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The surroundings of the Ferhat-Boussaad market are always full. A pouring rain may have sprinkled Algiers for several days, the attendance of this shopping street in the city center remains strong. Shoppers crowd the sidewalks, as cars try to make their way through a hubbub of horns. A usual scene. What is not, are the prices displayed on the stalls of traders.
” Rising prices ? You have to look at the wholesale markets. It is the intermediaries who pull the tariffs upwards to the detriment of farmers and consumers ”, justifies himself a seller of fruits and vegetables. Some staple foods now sell for double or even triple their usual price. Thus, the price of the kilo of potatoes, which reached 130 dinars (0,82 euro) against around 60 usually, has become the main indicator to denounce the increase in the cost of living in Algeria.
In an attempt to regulate this “potato crisis”, as some have dubbed it, the government launched direct sales operations to consumers, at a fixed price of 50 dinars per kilo, and raised the possibility of an exceptional remedy. to imports.
The authorities regularly denounce the action of speculators in the agrifood sector, aiming without distinction between intermediaries, farmers and wholesalers, accused of stocking food to drive up prices. A bill currently under discussion even aims to criminalize speculation, with sentences of up to thirty years in prison “If the crime concerns basic products such as cereals, milk, oil, sugar and legumes”.
In any case, the rise in prices is beginning to weigh on household stock markets. In the country, inflation reached 5.66% in June, an increase of 3.4 points in one year, told MEPs Aïmene Benabderrahmane, Minister of Finance and Head of Government. Consumer prices started to rise again due to the increase in international commodity prices, but also to the depreciation of the dinar.
“We entered into an economic crisis in 2018, with the freezing of large public infrastructure projects that made small and large companies work, recalls economist Smaïl Lalmas. The Covid-19 epidemic did the rest. Today, the country is experiencing huge job losses. All sectors have been affected. All this was accompanied by a rise in prices and the lifting of public subsidies on certain products, notably fuel, which affected purchasing power. “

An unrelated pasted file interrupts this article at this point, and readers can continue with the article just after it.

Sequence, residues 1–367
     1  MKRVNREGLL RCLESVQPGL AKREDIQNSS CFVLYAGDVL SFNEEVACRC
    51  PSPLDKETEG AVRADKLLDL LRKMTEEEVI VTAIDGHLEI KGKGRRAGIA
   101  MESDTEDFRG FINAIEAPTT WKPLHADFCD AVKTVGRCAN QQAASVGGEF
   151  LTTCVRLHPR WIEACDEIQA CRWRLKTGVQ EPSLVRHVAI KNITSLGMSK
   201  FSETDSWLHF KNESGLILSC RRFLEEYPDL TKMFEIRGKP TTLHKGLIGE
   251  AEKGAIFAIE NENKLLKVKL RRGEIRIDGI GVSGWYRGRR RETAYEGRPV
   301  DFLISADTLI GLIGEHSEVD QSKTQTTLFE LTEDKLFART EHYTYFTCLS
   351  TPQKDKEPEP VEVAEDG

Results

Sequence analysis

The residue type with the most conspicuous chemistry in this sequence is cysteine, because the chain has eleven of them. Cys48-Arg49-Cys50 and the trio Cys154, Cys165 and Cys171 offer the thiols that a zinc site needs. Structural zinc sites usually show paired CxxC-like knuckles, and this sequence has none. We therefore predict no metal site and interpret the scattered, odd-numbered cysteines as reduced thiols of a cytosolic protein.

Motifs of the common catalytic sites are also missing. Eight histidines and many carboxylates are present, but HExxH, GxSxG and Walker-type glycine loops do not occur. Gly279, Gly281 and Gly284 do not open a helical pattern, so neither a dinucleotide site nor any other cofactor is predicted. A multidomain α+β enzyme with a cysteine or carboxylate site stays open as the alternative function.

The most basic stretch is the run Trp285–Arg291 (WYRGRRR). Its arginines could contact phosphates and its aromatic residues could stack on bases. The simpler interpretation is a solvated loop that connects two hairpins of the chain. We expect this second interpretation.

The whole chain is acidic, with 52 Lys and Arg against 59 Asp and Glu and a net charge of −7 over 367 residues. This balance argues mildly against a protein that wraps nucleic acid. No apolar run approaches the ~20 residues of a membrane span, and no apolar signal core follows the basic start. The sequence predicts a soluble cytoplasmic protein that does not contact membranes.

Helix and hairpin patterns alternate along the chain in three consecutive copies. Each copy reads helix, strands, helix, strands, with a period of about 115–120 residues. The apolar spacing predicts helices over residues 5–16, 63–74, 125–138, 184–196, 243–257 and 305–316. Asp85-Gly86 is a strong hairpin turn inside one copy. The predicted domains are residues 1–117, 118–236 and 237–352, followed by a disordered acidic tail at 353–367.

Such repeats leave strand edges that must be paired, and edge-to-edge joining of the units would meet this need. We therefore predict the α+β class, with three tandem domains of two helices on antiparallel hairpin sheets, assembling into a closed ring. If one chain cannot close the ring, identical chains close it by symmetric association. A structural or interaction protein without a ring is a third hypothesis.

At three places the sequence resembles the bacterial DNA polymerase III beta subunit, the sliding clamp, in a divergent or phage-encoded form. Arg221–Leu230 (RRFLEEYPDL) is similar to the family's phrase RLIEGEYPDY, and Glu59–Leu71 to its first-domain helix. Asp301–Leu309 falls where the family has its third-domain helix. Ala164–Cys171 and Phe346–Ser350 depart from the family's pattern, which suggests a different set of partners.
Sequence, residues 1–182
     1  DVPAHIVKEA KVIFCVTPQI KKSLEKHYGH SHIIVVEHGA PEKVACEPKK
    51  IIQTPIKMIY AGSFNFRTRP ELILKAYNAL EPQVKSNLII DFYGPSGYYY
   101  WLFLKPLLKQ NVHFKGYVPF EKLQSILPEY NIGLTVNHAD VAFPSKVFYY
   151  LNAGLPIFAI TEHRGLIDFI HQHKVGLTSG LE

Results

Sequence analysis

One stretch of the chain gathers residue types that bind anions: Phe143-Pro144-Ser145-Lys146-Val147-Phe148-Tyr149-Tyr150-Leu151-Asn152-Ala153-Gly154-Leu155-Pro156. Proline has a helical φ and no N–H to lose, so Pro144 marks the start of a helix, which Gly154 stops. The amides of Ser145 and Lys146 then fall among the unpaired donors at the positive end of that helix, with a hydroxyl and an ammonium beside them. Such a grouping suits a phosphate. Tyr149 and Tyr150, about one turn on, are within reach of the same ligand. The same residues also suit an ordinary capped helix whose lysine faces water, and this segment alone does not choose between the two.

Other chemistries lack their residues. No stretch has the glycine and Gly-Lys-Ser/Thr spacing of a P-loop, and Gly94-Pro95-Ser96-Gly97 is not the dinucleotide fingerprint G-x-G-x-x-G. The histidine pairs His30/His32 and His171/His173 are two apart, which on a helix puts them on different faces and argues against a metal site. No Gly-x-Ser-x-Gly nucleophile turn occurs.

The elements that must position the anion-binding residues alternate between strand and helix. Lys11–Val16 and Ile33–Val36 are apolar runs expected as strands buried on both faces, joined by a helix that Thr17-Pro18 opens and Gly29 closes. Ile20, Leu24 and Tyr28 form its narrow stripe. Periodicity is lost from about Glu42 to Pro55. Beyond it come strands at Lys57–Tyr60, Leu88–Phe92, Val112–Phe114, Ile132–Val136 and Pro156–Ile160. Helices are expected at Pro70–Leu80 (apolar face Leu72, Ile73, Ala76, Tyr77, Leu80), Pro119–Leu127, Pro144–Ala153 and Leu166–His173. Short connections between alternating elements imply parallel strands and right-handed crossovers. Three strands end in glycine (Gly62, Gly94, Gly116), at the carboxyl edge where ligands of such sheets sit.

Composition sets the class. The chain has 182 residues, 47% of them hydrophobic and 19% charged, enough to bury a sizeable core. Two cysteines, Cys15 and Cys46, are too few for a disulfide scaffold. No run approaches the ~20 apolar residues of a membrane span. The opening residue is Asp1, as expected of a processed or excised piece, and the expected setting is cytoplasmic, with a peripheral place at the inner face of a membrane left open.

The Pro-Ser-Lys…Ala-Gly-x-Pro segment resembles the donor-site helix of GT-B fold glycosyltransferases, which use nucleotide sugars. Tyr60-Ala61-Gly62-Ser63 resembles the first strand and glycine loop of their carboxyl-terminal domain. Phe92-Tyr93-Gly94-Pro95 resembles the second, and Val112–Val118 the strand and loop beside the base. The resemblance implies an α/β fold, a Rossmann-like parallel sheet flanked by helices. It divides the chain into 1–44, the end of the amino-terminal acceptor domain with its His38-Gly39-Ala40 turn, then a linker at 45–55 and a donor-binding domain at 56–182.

Trade unions and consumer associations have called on the government to increase wages. In the public service, salaries have been frozen since 2010, while the prices of food and energy have continued to increase, denounced in September Mustapha Zebdi, president of the Algerian Association for the Protection and Guidance of the consumer and his environment (Apoce).
For several months, the social boom has been real and several sectors, including education and health, threaten to go on strike. Teachers, mainly those in primary, middle and secondary cycles, have already been observing two-day-a-week strikes since early November. “This movement was followed by more than 78% of teachers at the national level, with peaks of 90% of strikers in the secondary”, underlines Messaoud Boudiba, spokesperson for the National Autonomous Council of Secondary and Technical Education Teachers (Cnapest).
The union maintains the pressure to voice its demands on wages, pensions and access to housing. A teacher is paid on average 40,000 dinars (250 euros) “While the minimum wage should not be below 80,000 dinars for a family of five”, continues Messaoud Boudiba.
Abolition of subsidies
As part of the new 2022 finance law, the government plans to reduce the tax burden on households with a reduction in the overall income tax and an increase in the salary calculation index in the civil service, which has 2.1 million employees.
“These are insufficient measures, which will not have any influence on the current situation, estimates economist Smaïl Lalmas. We expected a war economy program, for the simple reason that millions of jobs would have to be created, but this finance law does not activate any of the four growth engines: public spending, consumption of households through the protection of purchasing power, exports and investment. “
Another thorny point raised by the bill: the abolition of the system of generalized subsidies – the State finances basic food products and energy -, estimated at 17 billion dollars per year (about 15 billion euros) by the government. Ministry of Finance. The authorities want to reform this policy of social transfers by allowing it to benefit exclusively the “Low and middle income households”.
But the task promises to be difficult. “From the moment we have an economy crushed by the informal sector, how to set up a targeted aid system?, asks Smaïl Lalmas. What is urgent is to absorb the informal, to convince it to enter the formal circuit. But for that, there is one factor that is lacking: trust. “
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In Algeria, the government tries to regulate the “potato crisis”